10 March 2008

Why did the reporter cross the road?

[Cross-posted to The Persuasion Business]

Geoff Meeker poses an interesting question in a couple of posts at his Telegram blog.  Meeker himself is a former journalist who crossed over to what many reporters refer to only half jokingly as the Dark Side.

Geoff's asking for some comments and with any luck reporters and people from the communications/public relations world will join the conversation.

He poses some questions to get things started:

What is driving this exodus? I suspect that it’s primarily a matter of money. Do governments and corporations pay that much more than the media (okay, I know, but how much more)? What should news outlets do to stem the tide and keep their people (and can they afford it)? Is this migration diminishing the quality of journalism in the province? Is the supply of young people coming into journalism enough to meet the demand? If you’ve recently made the jump, do you have any regrets? Or are you feeling good about the move? What do journalism students think about this issue?

To help stimulate the conversation, here are some observations from the perspective of someone in the public relations business who isn't a former reporter or a graduate of a public relations program.

1.  Why did the reporter cross the road?  Because he/she can.

Over the past four or five years, the number of reporters crossing to public relations in this province has been astonishing.  It's not unusual to see people walking straight out of a newsroom and straight into a mid-level position that was advertised as requiring a minimum - a minimum  -of five years experience in public relations including experience providing issues management advice to senior decision makers.

If there is no perceived difference in being a reporter and being a public relations practitioner, some people will switch careers just because they can.

There is no set path into the persuasion business. The track Jamie Baker is taking makes perfect sense.  he's going from writing copy for a newspaper to producing an in-house magazine for a local union.  There are plenty of communications jobs working for a university or a business that are essentially the same as working for a news outlet.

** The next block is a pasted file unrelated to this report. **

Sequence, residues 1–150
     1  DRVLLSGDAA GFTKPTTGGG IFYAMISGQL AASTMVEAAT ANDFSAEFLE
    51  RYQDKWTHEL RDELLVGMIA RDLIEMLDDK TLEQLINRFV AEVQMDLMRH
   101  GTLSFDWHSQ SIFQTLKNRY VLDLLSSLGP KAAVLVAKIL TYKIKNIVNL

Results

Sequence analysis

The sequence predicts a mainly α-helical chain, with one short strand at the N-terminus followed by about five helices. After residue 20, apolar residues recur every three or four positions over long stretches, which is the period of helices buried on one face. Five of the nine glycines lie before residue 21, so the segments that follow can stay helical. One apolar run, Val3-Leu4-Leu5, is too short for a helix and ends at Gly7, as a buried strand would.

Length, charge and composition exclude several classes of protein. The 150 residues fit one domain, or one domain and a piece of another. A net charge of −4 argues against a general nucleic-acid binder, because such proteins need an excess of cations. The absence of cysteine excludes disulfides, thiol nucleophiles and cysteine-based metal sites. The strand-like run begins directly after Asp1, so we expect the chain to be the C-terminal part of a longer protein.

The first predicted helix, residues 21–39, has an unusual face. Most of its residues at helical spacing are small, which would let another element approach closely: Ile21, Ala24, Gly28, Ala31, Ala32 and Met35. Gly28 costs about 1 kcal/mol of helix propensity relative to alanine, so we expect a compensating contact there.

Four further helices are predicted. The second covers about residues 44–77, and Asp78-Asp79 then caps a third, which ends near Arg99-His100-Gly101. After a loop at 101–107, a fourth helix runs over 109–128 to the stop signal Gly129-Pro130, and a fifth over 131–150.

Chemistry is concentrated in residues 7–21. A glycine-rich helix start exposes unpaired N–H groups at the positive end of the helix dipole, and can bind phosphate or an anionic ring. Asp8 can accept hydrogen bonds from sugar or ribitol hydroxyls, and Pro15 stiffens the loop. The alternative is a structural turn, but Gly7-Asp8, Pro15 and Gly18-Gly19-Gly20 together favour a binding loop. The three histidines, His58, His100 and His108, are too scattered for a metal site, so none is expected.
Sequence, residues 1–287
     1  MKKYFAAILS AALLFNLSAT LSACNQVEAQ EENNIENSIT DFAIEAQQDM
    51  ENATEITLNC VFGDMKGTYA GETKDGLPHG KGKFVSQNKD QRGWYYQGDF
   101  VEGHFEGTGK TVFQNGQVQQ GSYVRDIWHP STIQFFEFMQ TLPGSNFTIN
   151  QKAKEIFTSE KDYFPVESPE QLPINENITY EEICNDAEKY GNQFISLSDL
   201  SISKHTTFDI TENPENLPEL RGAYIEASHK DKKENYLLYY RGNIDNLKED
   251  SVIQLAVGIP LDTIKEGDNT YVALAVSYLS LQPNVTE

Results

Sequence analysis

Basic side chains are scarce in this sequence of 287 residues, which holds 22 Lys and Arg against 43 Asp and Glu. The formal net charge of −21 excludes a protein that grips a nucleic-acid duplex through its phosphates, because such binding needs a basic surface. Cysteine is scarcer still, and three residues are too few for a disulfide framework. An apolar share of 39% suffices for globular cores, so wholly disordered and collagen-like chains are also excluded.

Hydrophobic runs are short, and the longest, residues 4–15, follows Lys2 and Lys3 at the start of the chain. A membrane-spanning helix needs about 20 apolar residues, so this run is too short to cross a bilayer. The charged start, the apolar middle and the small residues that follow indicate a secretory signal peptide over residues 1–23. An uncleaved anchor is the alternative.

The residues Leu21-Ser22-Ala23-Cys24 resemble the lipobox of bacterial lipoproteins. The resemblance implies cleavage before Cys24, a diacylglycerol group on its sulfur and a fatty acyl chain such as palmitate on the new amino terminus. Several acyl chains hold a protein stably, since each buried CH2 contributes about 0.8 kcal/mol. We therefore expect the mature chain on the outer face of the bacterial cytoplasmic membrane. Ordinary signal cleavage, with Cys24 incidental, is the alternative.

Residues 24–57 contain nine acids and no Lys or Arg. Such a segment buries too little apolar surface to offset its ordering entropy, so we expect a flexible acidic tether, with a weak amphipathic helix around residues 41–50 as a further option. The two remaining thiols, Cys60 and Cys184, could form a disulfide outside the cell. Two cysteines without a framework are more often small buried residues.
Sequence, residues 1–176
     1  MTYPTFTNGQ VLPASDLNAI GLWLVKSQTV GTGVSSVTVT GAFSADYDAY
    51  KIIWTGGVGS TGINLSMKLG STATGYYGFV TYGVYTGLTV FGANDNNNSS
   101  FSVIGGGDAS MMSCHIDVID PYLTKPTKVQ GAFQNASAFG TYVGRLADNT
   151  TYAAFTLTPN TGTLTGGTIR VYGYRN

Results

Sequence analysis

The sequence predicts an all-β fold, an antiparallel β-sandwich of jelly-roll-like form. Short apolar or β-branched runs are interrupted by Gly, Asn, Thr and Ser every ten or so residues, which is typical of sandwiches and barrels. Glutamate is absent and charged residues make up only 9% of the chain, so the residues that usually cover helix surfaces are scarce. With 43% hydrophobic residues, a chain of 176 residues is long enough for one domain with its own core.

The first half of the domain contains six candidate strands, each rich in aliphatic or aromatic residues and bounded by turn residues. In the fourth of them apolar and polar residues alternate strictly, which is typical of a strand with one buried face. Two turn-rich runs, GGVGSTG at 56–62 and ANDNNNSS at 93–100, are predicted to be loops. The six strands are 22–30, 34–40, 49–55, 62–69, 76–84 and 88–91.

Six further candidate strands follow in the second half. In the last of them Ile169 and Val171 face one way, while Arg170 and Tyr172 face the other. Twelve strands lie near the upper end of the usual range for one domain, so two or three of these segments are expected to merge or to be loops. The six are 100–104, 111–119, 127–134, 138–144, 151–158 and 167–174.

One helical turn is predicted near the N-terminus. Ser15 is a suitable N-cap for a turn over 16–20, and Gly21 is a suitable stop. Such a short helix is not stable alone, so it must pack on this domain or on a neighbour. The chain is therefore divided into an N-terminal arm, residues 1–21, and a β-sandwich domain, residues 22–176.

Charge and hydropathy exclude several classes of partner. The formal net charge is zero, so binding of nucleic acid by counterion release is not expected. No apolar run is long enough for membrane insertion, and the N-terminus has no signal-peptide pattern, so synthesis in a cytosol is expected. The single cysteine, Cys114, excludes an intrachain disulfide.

Public relations does require a massive shift in thinking, though, and in many cases requires a skill set for planning and management a reporter working in a newsroom wouldn't have.

PR isn't rocket science, but that doesn't mean it's easy either.  It comes with its own problems and pressures, just the same as any other job.

Many organizations make the mistake of assuming that PR is about media and therefore the best person to handle the job of fending off reporters' calls is another reporter.  Managing media relations is only one part of a broader set of public relations responsibilities. 

Fundamentally, though, the shift is from being an observer to being an advocate. Ideally, journalists gather information and present an account of what they found usually in a specific medium.

Public relations is about persuasion.  It's about having a point of view and presenting it fairly and with integrity.   Picking the medium is just a small aspect of the overall job. 

2.  The flow is one way.  At the same time, and at least in the local marketplace, while reporters cross effortlessly to communications jobs, the same isn't true the other way. That's not something confined to Newfoundland and Labrador; it's common across Canada.  A former communications director for the American president can wind up with a Sunday morning news show, but try to find a single example of the same thing happening in Canada.

Columnist maybe.

But PR professional to reporter?  How about to an editor's job?

Keep thinking.  You might recall one.

Now think of the number of reports who've moved from the newsroom to a PR management job.

3.  The money is better. Townie Bastard Craig Welsh offered some observations on the cross-over phenomenon in January. The post was prompted by a former colleague of his who was quitting the reporting game to take a job in a hardware store.  The back story - which he didn't share in detail - is appalling but undoubtedly money and time is a factor.

As Craig notes, in his own case the switch was driven by a family move to a new locale.  There are many reasons for switching jobs.

4.  The stress is lower.  Okay.  That one is just funny.

5.  The switch from "hack" to "flack" isn't a local phenom either.

Here are some relevant links:

From journalism to PR to teacher.

-  The National Press Club (Washington, DC) had a professional development session on the topic.

-  A profile of three cross-overs, courtesy of Kings J school alumni magazine.

-  A profile of Susan Murray, in which Susan uses the "s" word approvingly.

-  Another profile of reporters who made the switch, again from Kings.